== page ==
After stepping inside the store, I was standing right beside her. I said good morning and told her my name was Mark. I asked what her name was, and in a soft, timid, and almost inaudible voice she replied, “Katherine.” I asked if I could buy her some coffee or something to eat. She seemed embarrassed and said, “No, I’m not really hungry.” Considering the fact it was 6:30 in the morning and she was inside the store looking at snacks, I knew was hungry. After urging her for a minute to let me buy her something to eat, it became apparent she wasn’t going to specify something I could buy for her. I planned on buying a 20 ounce bottle of orange juice to drink on my way to work, so I headed back to the cooler. On my way back toward the checkout counter, I stopped by a rack that contained warm breakfast biscuits. I grabbed a sausage & egg biscuit and carried it to the counter with my juice. After paying for the breakfast biscuit and juice, I walked back over to Katherine and told her, ” Maybe you’re not hungry now, but you probably will be later. Save this for when you get hungry later today.” Upon saying that to her, I handed her the biscuit and turned around and left. I immediately felt I should have told her something else. Maybe I should have told her I was praying for her, or that God loves her. It was just a very awkward moment I wasn’t used to experiencing, and as I said, I’m no expert in interacting with the homeless.
After getting back into my car, I watched for a few minutes to see what Katherine would do next. As I watched, she walked up to the counter with a cup of coffee that she had chosen to purchase herself. When she got there, she placed the biscuit on the counter. I immediately thought to myself that I had better run back inside. I wanted to clarify to the attendant that the biscuit was the same one I had just paid for, so that he wouldn’t try to charge her for it. So, I ran back inside and explained to the attendant what I had done. Katherine spoke up and said, “I really don’t like sausage.” At that point I was completely befuddled. I turned and went back to my car. I was scratching my head wondering what had just happened.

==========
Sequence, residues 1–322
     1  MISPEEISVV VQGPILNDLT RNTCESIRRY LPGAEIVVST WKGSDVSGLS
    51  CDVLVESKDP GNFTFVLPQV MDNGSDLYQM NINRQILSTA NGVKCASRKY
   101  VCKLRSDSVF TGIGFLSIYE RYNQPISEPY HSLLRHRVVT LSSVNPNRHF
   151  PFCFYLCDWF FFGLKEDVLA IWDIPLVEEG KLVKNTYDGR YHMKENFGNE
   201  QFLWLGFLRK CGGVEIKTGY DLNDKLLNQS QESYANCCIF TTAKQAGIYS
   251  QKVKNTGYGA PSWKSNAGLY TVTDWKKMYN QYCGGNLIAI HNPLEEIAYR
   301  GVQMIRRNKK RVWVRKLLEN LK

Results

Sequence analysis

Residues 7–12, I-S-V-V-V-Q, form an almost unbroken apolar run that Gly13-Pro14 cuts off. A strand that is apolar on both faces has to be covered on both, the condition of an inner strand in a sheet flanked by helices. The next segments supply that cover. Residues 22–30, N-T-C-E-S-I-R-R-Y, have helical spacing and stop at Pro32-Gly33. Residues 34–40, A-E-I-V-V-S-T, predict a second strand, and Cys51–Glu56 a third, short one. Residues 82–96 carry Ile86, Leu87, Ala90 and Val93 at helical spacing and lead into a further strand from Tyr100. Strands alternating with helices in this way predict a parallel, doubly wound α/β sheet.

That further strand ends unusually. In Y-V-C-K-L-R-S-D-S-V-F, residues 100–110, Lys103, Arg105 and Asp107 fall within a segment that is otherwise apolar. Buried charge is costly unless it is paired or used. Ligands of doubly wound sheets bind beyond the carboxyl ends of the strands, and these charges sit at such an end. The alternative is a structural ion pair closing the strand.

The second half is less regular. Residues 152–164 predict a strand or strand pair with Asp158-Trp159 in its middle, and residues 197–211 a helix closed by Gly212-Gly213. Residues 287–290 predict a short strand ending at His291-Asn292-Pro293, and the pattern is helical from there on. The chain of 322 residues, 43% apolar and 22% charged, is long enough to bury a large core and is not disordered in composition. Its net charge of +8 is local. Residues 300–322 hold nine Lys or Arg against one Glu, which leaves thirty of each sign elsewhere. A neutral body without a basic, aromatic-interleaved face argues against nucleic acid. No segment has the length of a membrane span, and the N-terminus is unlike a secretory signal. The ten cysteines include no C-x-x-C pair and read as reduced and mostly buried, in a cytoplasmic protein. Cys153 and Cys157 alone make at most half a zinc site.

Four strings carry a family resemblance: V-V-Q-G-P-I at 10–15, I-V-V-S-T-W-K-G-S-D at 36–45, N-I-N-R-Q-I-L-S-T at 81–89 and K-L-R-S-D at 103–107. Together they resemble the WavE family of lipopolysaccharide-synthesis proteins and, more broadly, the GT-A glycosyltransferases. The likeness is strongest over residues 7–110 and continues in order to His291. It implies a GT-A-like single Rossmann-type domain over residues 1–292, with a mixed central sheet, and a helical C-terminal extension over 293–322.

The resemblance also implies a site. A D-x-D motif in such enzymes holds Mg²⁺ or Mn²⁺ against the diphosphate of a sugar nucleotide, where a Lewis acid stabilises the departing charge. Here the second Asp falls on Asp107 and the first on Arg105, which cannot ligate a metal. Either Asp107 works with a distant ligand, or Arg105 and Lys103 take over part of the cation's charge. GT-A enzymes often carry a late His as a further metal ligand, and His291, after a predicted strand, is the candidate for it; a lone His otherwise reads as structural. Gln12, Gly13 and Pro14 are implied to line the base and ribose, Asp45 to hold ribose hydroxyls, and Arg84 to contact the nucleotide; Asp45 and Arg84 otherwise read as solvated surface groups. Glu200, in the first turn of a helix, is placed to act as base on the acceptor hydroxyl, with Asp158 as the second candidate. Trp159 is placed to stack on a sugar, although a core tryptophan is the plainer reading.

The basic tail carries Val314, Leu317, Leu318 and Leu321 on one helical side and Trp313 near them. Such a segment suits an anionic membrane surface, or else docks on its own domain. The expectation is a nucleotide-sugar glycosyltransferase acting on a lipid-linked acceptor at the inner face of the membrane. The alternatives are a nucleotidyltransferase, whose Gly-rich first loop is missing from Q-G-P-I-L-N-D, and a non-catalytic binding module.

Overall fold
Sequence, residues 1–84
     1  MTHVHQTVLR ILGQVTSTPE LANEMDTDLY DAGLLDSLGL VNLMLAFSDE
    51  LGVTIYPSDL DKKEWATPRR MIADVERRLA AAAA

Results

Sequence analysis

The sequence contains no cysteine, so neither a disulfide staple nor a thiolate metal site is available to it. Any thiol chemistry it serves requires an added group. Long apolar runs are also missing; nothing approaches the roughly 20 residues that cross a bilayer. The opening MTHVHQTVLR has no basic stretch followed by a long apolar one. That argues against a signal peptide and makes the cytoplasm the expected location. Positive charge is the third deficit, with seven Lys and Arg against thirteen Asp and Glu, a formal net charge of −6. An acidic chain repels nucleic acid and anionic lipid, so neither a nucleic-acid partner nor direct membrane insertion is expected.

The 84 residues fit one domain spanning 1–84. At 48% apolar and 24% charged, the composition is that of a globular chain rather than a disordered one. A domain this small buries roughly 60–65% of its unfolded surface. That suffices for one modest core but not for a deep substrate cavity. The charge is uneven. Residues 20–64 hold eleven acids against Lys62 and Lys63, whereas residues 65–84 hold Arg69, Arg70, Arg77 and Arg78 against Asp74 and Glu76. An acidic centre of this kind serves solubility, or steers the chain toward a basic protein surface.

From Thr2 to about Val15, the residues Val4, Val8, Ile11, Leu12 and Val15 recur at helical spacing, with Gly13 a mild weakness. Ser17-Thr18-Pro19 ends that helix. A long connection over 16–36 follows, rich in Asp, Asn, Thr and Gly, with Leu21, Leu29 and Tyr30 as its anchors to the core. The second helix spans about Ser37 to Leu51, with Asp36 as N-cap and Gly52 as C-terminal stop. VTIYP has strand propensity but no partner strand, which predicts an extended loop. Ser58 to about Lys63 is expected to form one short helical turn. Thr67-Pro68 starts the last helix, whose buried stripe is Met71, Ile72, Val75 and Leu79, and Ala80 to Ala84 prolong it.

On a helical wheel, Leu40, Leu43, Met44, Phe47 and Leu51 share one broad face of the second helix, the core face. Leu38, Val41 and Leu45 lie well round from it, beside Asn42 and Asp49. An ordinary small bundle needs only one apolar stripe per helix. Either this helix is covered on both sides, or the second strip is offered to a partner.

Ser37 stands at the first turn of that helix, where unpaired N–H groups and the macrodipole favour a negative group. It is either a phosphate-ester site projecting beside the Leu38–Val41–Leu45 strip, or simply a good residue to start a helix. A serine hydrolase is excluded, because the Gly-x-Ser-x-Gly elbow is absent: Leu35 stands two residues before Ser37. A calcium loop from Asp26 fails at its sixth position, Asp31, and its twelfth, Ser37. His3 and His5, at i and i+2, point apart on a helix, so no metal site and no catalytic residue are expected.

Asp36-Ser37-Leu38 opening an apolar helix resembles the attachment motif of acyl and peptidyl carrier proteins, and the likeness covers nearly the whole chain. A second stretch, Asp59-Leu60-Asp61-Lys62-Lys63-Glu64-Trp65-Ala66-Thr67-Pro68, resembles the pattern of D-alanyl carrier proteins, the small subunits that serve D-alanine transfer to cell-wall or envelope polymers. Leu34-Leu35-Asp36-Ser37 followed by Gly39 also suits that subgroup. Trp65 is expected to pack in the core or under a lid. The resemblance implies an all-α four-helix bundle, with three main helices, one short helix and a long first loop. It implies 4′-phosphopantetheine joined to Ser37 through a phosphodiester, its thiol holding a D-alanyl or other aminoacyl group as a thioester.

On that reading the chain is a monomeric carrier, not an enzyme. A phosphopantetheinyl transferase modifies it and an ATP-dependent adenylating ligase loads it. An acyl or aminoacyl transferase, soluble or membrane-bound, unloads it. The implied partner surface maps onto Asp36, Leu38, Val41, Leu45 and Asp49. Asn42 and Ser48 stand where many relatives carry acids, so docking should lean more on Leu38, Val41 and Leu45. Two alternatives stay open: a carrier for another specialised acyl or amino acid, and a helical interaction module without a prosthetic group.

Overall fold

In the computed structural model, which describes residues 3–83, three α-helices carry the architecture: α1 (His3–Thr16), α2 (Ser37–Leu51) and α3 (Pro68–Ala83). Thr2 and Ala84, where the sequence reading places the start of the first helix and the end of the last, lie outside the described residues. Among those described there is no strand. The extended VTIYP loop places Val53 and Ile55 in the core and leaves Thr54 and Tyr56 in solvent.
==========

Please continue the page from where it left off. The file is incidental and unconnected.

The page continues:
After returning to my car for the final time, I had a conversation with God. I have to admit I was a little miffed. I had just gone out of my comfort zone to try to do something nice for a homeless person. I was trying to be charitable, and the intended recipient didn’t want what was offered. I asked God, “Really God? You spent the last month urging me to talk to this lady, and this is how it turns out? I really don’t get what your purpose was in this!” Within a few minutes I saw Katherine walk out of the store with her coffee in hand, but I did not see any biscuit. It looked as if she had what appeared to be a pack of cheese and cracker sticks in her hand. She definitely did not have the biscuit I had purchased for her. Either she got the money back for the biscuit or she traded it for something of equal price she preferred over what I had purchased. Over the next few minutes, I began to question God asking why He had me do this if she would refuse what I had done for her. In that very instant God put me in my place and spoke to me very clearly. God spoke to me and said, “Haven’t I given you blessings in your life over and over again and done things for you only for you to not appreciate what I have done. Just as you paid the price for the biscuit, I paid the price for your sins by offering my only son to die for you. How many times in your life have you neglected to be grateful for what I have done? Haven’t you ever searched for something else? And by the way, I didn’t want you to show her compassion and kindness just so you could pat yourself on the back and feel like you’ve done your good deed for the day! I wanted you to show her kindness just so she could see the reflection of me in you and know that I have not forgotten about her! This was never about you or Katherine! Mark, this was about me!”